Posted on 07:56 PM, March 07, 2010 [ BusinessWorld Online ]
UNIVERSAL, commercial and thrift banks increased their exposure to the real estate sector in 2009 by extending more loans, central bank data showed.
Data released on Friday showed that total exposure of these lenders to the real estate sector reached P393.6 billion as of December, up by 9.4% from the previous year.
Universal and commercial banks accounted for almost three quarters of the total, while thrift lenders accounted for the balance.
“The additional exposure came primarily from real estate loans, which rose [by 9.67% year-on-year] to P383.7 billion,” a statement from the Bangko Sentral ng Pilipinas (BSP) explained.
“Investments in [debt and equity] securities issued by real estate companies also expanded by 1% to P9.9 billion.”
Total real estate exposure as ratio of banks’ total loans excluding loans they made between themselves rose to 14.47% from 13.96% from a year ago.
But Victor J. Asuncion, director for research and consultancy at CB Richard Ellis Philippines, Inc., downplayed the figures, pointing out that while loans to the real estate sector have been growing, the rise has been tempered by other funding sources available to developers.
“Real estate developers, if they can help it, don’t want to borrow from banks anymore... because loans that have floating rates make their borrowing costs more volatile... [Bank loans] are still a part of funding sources, but no longer the primary one,” he said.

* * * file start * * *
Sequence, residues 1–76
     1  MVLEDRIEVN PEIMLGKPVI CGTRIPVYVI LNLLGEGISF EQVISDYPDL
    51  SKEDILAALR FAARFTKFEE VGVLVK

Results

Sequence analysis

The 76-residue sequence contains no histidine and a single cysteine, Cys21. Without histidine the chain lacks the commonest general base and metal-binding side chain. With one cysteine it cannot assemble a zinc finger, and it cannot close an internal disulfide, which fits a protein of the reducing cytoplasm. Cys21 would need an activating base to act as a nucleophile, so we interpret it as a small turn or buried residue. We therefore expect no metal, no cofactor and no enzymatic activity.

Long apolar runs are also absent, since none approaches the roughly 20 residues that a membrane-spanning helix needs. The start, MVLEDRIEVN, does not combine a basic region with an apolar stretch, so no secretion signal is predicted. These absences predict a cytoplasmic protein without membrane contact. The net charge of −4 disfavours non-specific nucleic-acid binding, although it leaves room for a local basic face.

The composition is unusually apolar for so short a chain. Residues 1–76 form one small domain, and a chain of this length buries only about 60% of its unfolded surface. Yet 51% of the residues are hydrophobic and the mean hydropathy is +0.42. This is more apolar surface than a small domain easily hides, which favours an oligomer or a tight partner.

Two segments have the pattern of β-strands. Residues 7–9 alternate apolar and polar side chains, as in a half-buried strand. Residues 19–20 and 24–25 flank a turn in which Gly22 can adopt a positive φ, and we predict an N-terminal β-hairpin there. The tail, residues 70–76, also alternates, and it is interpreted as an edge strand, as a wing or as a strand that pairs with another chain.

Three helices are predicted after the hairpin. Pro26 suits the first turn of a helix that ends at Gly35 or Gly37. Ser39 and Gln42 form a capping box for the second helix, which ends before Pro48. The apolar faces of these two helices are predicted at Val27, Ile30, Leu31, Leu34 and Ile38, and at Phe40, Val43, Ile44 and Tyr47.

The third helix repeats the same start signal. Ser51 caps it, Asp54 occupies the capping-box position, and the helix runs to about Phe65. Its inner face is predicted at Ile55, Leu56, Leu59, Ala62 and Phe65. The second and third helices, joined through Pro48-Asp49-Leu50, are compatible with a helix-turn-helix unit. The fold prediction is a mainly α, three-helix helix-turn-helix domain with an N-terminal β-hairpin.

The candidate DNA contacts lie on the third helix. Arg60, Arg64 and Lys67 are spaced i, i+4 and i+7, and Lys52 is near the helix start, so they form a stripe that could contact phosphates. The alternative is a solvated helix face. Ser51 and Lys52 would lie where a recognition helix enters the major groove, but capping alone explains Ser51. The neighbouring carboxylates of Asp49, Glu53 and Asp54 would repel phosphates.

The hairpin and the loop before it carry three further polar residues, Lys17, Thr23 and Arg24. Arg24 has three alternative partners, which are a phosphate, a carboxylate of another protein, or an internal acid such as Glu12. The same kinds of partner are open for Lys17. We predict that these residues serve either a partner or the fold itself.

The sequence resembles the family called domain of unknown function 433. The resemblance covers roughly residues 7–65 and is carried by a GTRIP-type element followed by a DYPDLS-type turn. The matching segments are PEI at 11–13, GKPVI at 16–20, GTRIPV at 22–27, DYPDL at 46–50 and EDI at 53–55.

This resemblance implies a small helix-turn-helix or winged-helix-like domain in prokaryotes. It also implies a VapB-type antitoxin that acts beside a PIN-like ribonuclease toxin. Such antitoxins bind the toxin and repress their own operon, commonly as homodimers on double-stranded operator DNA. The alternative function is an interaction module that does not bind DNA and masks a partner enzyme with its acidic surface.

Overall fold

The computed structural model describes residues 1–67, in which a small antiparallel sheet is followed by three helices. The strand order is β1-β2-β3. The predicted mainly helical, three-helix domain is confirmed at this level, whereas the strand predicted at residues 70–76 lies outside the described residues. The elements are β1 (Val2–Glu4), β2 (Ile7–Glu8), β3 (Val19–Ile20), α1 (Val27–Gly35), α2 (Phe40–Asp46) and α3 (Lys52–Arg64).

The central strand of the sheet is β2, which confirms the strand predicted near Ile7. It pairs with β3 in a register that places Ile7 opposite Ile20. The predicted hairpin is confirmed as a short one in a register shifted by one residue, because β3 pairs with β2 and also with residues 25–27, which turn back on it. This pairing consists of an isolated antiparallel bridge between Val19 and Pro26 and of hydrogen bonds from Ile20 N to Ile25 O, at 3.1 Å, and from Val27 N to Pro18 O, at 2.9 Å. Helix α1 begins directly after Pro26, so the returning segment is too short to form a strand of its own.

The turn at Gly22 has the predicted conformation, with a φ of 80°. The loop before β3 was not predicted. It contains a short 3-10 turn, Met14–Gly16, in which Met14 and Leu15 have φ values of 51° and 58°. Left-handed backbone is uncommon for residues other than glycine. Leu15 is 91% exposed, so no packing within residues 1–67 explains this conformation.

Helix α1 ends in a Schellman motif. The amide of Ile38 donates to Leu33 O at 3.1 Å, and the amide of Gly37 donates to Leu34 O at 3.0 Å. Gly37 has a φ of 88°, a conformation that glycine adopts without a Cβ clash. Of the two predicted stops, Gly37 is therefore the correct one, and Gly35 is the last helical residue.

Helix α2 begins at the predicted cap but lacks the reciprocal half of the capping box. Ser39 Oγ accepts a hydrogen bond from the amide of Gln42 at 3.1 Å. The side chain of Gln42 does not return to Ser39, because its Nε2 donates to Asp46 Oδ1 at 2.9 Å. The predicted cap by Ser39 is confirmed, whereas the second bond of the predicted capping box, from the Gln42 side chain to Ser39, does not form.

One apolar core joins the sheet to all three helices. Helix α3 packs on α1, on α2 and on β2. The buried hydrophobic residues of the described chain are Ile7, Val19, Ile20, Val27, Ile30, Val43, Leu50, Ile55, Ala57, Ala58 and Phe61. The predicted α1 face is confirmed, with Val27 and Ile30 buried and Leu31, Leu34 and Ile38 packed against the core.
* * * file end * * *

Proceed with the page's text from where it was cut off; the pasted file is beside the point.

Mr. Asuncion added that property companies prefer to fund projects with equity, bonds or from pre-selling projects, and the share of bank loans as a funding source could go down with the introduction of real estate investment trusts or REIT, a company that pools funds and invests these in properties.
Central bank data also showed that real estate loans for construction and development of commercial properties accounted for nearly three-fifths of total real estate loans at P221.1 billion, while the balance was granted for the construction or improvement of residential units by individual borrowers.
Of total real estate loans granted by universal and commercial banks, 73.7% or P203.1 billion were directed to commercial projects, while the balance of P72.6 billion went to residential purposes.
Thrift banks lent out P90 billion to finance the acquisition, improvement or construction of residential units for households, and provided only P18 billion for commercial real estate loans.
Soured real estate loans rose to P23.18 billion from last year’s P22.83 billion, but as percentage of total real estate loans, slid to 6.04% in December from 6.53% a year ago because of a higher growth in loans.
In February, BSP Deputy Governor Diwa C. Guinigundo said monetary authorities may further limit banks’ exposure to the real estate sector from the current 20% of total loans as a way of controlling excessive foreign capital flows that may stoke an asset price bubble.
The deputy governor noted that the central bank had done this before when it limited banks’ exposure to the real estate industry to 20% from 30% after the Asian financial crisis in 1997.
He said that while an asset bubble is unlikely to emerge in the Philippines, this policy tool is available to the BSP in case a slower than expected recovery in developed markets prompts investors to seek higher yields in emerging economies. -- Don Gil K. Carreon